Anyone who knows me will know that I couldn´t possibly host a series of interviews on my blog and not include Stephen Murray. His influence on me as a poet and me as a person have been massive. His two books of poetry, House of Bees (2011) and On Corkscrew Hill (2013) were published by Salmon Poetry, and he is also the brains, charm, charisma behind Inspireland - a series of creative writing workshops for secondary schools in Ireland.
NM: What are you working on at the moment?
SM: Firstly, being a parent to two very young agents of chaos, who refuse to cooperate with anything else that I am suppose to be working on. Then, there's my digital learning platform: an online creative writing project aimed at encouraging young people to engage with language, by teaching them to write about the things they love. I have recently finished my third collection of poetry - 'The Sleep Thief'. It's about becoming a parent. Due for publication in 3D holographic imaging for download direct in the cerebral microchips, which is where we will be at once all this shite is over and my publishers backlog is cleared.
NM: Emmm. Yeah. How has it been for you in terms of integrating technology into work/creativity?
SM: See above answer. I think it is very exciting. So many people are telling each other you cannot teach online. In-person is much better. Are you serious? Have you smelled me? I think the problem is not a failure of technology, but a failure of the imagination. We can do anything with technology. Up your game. Make shit happen. Creatively produce each lesson like a pro. Entertain and teach at the same time. I am producing my live online lessons using open broadcast software. I can seamlessly mix in media, text, memes, music, video clips. What is more, I can do it to as many classrooms as I want. It is magic. Sensational. Everybody gets to fart. Nobody minds. I can teach in my underpants. Hell, I can teach in my wife's if I want, and I do.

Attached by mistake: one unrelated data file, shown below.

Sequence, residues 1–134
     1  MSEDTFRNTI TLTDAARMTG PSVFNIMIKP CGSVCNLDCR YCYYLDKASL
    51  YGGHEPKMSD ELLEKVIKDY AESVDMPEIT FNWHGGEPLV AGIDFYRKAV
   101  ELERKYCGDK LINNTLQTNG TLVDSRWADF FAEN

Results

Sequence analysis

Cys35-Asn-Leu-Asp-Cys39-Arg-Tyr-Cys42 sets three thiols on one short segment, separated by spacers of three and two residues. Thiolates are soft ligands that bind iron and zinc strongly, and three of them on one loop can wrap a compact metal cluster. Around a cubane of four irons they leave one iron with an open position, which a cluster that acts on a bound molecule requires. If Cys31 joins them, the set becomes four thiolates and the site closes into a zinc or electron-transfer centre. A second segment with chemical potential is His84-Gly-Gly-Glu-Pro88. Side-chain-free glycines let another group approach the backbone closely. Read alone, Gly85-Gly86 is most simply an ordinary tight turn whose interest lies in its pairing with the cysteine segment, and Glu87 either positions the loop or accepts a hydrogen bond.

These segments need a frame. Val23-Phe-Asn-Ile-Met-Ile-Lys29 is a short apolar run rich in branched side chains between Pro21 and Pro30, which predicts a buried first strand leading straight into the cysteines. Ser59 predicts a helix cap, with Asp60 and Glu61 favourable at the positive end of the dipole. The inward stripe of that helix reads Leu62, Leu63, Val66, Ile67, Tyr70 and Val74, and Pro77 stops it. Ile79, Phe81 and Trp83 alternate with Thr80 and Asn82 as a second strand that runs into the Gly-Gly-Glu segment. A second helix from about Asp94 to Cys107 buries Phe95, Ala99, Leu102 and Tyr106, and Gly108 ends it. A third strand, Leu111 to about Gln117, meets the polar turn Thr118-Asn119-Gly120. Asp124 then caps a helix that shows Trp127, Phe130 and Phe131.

NM: There’s been a lot said about how the post-COVID world might be different in how we do business and how we travel - how do you think the landscape of the arts will differ?
SM: Well, much depends on how the entertainment bounces back. It's at a real crossroads. People need the arts more than ever. We are going to be socialising less and suffering because of it. Art validates our suffering. It is the existential looking glass that normalises and indeed glorifies the madness. The truth is, I do not know. Poets will still be broke, but so will everyone else. Covid has been a real leveller.
NM: Yep. Thanks for reminding me. So, what would you like to see happen in 2021?
SM: I would like to see the wearing of face-masks when sick becomes the expected norm for all of us. Love not having a cold this winter. I would like to my business take off. My underpants taken off. Brexiteers pissed off. Space rockets lift off and people to start forgiving each other and stop fearing each other and start believing that almost every single person in the whole world is innately kind. People need to stop believing that people who are different to them are evil. We need a new human narrative. Nuanced and balanced. Less fire and brimstone. More cake with fresh cream and juicy strawberries. Amnesty for kiss chase. Oh and can someone please bring the word freedom back into the light. Freedom to hate is like weaponising a butterfly.
NM: I just saw an advertisement where David Beckham had been digitally aged to make it look like he was speaking from the future about malaria… If you could speak to the young artists of this generation from the future, what advice would you give them?
SM: Be honest. Be yourself and believe in magic. Everything is just as you imagine. You are conjurors skilled in evocation. You have the ability to summon and possess. You make the darkness beautiful. Make art for the sheer love of it. Harmonise with everything inside and around you. Listen your conflict, there be dark angels in there, full of blazing light. Everything is gonna be okay. Walk the blessed path you were born to. It ain't easy, but it is beautiful.
You can learn more about Inspireland and the courses and summer camps that Stephen and his team offer by clicking the image below: